In this article we will discuss about the structure and replication of Tobacco Mosaic Virus (TMV).
Structure of Tobacco Mosaic Virus (TMV):
TMV is a simple rod-shaped helical virus (Fig. 13.20) consisting of centrally located single- stranded RNA (5.6%) enveloped by a protein coat (94.4%). The rod is considered to be 3,000 Å in length and about 180 Å in diameter.
The protein coat is technically called ‘capsid’. R. Franklin estimated 2,130 sub-units, namely, capsomeres in a complete helical rod and 49 capsomeres on every three turns of the helix; thus there would be about 130 turns per rod of TMV.
The diameter of RNA helix is about 80 Å and the RNA molecule lies about 50 Å inward from the outer-most surface of the rod. The central core of the rod is about 40 Å in diameter. Each capsomere is a grape like structure containing about 158 amino acids and having a molecular weight of 17,000 dalton as determined by Knight.
The ssRNA is little more in length (about 3300 Å) slightly protruding from one end of the rod. The RNA molecule consists of about 7300 nucleotides; the molecular weight of the RNA molecule being about 25,000 dalton.
Life-Cycle (Replication) of Tobacco Mosaic Virus (TMV):
Plant viruses like TMV penetrate and enter the host cells in toto and their replication completes within such infected host cells (Fig. 13.21). Inside the host cell, the protein coat dissociates and viral nucleic acid becomes free in the cell cytoplasm.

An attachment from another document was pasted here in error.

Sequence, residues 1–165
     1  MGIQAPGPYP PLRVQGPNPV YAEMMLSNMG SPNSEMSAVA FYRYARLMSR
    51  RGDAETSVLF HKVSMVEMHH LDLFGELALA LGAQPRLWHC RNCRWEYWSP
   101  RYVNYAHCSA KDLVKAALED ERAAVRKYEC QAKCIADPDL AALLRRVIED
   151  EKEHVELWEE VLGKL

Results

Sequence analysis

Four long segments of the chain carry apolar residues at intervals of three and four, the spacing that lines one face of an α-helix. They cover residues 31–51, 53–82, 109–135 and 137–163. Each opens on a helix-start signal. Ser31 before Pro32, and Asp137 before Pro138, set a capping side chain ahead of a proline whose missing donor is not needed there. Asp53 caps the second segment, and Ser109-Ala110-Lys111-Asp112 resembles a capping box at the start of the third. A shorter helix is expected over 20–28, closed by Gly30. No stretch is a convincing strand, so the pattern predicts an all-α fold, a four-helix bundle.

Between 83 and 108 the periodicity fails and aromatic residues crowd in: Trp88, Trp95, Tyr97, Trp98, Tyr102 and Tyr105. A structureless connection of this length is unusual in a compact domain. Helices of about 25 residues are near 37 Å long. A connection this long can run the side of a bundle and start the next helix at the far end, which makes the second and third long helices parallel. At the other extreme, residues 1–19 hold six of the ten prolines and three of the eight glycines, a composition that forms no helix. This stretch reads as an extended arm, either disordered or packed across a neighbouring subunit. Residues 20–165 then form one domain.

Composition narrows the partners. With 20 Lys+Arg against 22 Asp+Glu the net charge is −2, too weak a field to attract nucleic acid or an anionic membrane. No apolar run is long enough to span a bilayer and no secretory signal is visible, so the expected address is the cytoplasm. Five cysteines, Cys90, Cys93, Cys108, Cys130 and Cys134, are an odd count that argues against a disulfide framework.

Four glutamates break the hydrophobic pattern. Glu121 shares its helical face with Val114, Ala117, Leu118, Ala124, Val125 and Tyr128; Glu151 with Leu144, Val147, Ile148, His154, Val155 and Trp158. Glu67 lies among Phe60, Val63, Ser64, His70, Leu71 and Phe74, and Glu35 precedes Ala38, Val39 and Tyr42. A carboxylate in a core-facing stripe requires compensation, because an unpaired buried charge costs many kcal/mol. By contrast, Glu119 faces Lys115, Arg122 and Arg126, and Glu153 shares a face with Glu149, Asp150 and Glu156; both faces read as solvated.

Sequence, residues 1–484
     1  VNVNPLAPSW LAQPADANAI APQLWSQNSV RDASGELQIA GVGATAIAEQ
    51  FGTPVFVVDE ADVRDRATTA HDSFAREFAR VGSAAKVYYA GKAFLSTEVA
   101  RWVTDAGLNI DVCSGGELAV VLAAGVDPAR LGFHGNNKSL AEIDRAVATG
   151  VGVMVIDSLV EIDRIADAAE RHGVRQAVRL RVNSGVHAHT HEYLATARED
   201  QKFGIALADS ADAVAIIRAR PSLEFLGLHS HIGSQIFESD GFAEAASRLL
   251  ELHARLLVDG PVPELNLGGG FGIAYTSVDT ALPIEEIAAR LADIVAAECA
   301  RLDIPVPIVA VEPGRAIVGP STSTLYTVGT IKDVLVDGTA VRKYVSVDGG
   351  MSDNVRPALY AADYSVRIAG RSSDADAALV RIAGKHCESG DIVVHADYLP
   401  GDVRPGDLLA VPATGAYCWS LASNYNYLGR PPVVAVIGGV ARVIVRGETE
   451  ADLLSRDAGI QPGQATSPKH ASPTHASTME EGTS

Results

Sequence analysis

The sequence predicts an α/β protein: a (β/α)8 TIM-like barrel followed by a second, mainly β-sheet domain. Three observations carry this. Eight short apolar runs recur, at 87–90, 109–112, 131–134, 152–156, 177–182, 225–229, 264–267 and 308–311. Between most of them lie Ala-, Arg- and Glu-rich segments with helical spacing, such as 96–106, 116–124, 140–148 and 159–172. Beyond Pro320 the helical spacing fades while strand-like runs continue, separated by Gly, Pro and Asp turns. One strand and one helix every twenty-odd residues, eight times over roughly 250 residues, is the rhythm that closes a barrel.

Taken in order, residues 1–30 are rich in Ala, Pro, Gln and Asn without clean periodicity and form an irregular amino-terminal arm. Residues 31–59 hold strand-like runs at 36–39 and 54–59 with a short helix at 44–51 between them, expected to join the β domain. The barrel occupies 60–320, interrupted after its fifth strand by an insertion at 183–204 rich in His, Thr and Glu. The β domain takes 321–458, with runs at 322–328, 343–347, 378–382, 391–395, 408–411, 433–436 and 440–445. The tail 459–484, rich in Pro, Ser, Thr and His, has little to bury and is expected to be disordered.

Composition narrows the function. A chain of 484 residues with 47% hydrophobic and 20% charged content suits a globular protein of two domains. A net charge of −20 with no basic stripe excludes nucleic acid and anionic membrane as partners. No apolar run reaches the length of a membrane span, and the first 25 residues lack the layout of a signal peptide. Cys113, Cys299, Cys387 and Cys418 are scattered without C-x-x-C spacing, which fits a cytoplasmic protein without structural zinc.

Although the sites for different steps of the viral multiplication and formation of new viruses have not yet been determined with absolute certainty, the studies suggest ha alter becoming free in the cell cytoplasm the viral-RNA moves into the nucleus (possibly into the nucleolus).
The viral-RNA first induces the formation of specific enzymes called ‘RNA polymerases’ the single-stranded viral-RNA synthesizes an additional RNA strand called replicative RNA.
This RNA strand is complementary to the viral genome and serves as ‘template’ for producing new RNA single strands which is the copies of the parental viral-RNA. The new viral-RNAs are released from the nucleus into die cytoplasm and serve as messenger-RNAs (mRNAs). Each mRNA, in cooperation with ribosomes and t-RNA of the host cell directs the synthesis of protein subunits.
After the desired protein sub-units (capsomeres) have been produced, the new viral nucleic acid is considered to organize the protein subunit around it resulting in the formation of complete virus particle, the virion.
No ‘lysis’ of the host cell, as seen in case of virulent bacteriophages, takes place. The host ells remain alive and viruses move from one cell to the other causing systemic infection. When transmitted by some means the viruses infect other healthy plants.